-Food is fuel, not recreation. I’ve started considering food as fuel for my body, delicious nutritious calories to keep everything running properly. If I fuel myself with homemade fruit salad and a whole-grain English muffin in the morning, I’ll feel like a champ for the workday.

-I’m more in tune with my body. I was running late yesterday and bought falafel to eat on my way to a show, and I spent the whole night feeling sick to my stomach. It was like junk food compared to what I normally eat: fried falafel inside a white flour pita. I probably could have eaten half of the pita pocket in twice the time and still felt overfull. Now I know.

-Water is my beverage of choice. When food is so much more flavorful and fresh, it can stand on its own without any sugary or flavored drink to wash it down. I keep green tea and pomegranate juice in the house, but most of the time I only want water.

-I’ve dropped weight without trying (fewer calories & less fat), my skin is clearer (fewer sugars, oils, & fats), I sleep better (no caffeinated drinks or sugary dessert foods), and I spend less money on food (smaller portions, cooking more at home over going out).


How about the future?

I like the way this is working for me at the moment! Maybe my body will change, or my lactose tolerance will come back (a pipe dream, I know it), or I’ll be forced to adapt when I move to London in the fall. If I’ve learned anything so far, it’s that I am in charge of how I eat, and I can change it as I see fit. I am obligated to a lot of people and things in my life, but my diet is not one of them. This works for now, but I’m not holding myself to it forever.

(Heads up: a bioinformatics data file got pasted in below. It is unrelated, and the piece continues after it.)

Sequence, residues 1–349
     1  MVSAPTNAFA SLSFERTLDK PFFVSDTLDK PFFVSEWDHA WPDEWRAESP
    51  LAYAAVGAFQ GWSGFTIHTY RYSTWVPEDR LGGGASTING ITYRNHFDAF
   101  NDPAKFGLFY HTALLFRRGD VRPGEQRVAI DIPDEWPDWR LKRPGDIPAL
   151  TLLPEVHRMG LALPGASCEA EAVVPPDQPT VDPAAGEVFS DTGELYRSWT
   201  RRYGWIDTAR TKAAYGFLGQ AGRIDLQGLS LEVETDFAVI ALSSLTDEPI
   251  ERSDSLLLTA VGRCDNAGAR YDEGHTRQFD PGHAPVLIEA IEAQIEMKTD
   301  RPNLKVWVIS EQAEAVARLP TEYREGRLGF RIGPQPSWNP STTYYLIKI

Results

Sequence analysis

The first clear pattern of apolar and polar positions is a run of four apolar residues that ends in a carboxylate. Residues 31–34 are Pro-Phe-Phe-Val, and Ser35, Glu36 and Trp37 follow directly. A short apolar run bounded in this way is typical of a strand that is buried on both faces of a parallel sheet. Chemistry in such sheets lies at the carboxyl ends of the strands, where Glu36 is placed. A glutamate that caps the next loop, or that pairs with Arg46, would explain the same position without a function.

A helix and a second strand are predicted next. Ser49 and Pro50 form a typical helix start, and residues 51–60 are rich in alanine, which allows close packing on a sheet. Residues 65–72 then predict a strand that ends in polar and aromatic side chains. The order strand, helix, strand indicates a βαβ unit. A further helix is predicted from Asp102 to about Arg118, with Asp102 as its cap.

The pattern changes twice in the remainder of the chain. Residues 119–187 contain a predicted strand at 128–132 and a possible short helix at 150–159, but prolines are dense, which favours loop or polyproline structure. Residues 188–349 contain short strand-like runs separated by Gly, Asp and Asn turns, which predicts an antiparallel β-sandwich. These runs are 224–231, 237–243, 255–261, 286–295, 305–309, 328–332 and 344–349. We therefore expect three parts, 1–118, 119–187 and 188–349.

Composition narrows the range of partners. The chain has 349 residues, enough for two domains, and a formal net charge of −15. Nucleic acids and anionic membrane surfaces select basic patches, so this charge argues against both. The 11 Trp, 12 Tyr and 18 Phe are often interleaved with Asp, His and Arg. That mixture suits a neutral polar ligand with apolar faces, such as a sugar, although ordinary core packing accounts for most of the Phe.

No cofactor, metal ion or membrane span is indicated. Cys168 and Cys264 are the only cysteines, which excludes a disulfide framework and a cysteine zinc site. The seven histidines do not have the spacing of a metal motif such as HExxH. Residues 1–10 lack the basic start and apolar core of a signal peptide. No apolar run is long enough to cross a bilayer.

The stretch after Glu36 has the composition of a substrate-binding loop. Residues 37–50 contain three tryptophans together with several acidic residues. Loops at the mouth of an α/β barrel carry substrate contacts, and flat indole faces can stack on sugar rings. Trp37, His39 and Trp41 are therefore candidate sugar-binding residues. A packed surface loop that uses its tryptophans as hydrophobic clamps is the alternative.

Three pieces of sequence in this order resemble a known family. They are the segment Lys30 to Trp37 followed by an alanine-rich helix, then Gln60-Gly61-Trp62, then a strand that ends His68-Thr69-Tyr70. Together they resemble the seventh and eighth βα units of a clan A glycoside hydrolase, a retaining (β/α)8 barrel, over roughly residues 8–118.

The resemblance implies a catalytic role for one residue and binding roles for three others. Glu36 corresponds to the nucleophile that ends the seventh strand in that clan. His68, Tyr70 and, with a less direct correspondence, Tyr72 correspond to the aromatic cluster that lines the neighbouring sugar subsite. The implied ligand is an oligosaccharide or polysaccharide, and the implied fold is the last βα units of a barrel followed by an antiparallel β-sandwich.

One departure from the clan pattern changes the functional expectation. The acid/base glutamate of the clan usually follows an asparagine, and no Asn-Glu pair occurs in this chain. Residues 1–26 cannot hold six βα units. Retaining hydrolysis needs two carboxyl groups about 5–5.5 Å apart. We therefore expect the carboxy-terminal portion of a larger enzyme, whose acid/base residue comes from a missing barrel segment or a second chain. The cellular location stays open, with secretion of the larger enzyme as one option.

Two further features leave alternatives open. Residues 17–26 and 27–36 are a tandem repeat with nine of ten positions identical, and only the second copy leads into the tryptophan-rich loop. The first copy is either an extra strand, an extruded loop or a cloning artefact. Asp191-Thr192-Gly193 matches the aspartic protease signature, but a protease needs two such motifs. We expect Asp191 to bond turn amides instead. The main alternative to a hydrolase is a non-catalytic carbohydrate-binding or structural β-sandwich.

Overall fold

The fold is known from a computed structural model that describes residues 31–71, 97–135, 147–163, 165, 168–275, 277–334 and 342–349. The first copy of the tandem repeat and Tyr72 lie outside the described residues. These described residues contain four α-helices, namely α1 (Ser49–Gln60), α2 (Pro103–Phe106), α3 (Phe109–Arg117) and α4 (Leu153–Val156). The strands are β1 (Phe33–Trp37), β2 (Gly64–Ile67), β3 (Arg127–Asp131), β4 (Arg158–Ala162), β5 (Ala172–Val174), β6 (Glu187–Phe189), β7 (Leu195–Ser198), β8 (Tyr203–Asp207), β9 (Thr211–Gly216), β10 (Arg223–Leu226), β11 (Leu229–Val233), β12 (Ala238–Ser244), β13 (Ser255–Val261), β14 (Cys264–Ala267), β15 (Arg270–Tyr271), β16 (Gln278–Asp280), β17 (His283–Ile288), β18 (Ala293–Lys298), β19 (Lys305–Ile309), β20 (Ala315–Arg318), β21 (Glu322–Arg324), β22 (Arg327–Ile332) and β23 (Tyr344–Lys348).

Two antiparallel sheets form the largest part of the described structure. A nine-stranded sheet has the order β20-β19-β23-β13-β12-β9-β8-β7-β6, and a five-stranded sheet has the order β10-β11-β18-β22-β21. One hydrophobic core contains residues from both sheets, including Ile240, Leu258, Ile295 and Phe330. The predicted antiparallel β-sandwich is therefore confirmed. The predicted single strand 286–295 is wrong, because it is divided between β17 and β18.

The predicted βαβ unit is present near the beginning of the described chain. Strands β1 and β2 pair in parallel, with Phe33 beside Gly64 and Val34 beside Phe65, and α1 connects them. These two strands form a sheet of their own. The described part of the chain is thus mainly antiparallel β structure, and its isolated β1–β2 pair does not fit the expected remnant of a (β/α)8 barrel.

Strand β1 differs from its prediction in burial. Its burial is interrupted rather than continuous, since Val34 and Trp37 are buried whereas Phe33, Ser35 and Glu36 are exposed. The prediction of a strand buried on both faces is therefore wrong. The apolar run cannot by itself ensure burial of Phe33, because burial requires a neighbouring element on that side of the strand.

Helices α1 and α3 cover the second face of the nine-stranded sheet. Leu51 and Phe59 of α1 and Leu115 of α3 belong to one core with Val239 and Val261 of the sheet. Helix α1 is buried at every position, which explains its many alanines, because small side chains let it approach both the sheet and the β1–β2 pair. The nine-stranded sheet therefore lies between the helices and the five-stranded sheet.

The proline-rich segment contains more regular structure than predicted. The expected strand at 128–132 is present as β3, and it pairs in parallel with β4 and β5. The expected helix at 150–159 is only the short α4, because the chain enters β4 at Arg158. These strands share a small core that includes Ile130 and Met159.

Advice for the rest of us?

How you eat is up to you. Your body, your preferences, your choice! Of course, allergies, parents or kids, and your budget (or school cafeteria) might affect your options, but you can always make even the smallest changes — if you want. Whatever “eat good stuff” means to you is what matters. There’s also so much less guilt inherent in eating when you’re going for positives, not fighting against negatives. Choose to fuel yourself with good stuff — isn’t that so much better than battling to avoid “bad foods”?

Most of all, I’d advise you to keep in mind that the way you eat doesn’t have to fit anyone else’s labels or standards. If you wanna be vegan 90 percent of the time but have chicken every now and again, do it. If you want to avoid meat when possible, but not as a strict rule, do it. If you want to have soy milk over dairy but have all the red meat you can eat, why the hell not? It’s your life.



Okay! Hope you enjoyed this first foray into blogging. I’ll be back when I have something interesting to say :]



One thought on “Vegan!

  1. Amanda,

    This is an interesting subject. I equate it with people and their religion in many ways, some of which you touched upon. However, Vegitarian and Vegan are perfectly resonable ways to eat. Your position that people are free to make their own choice about what they eat is a good philosophy. You don’t want to preach, but I be you don’t want omnivores to preach to you either. So go for it. A friend of mine runs a webstore for vegan called check it out, it’s got lots of great stuff. I look forward to future blogs.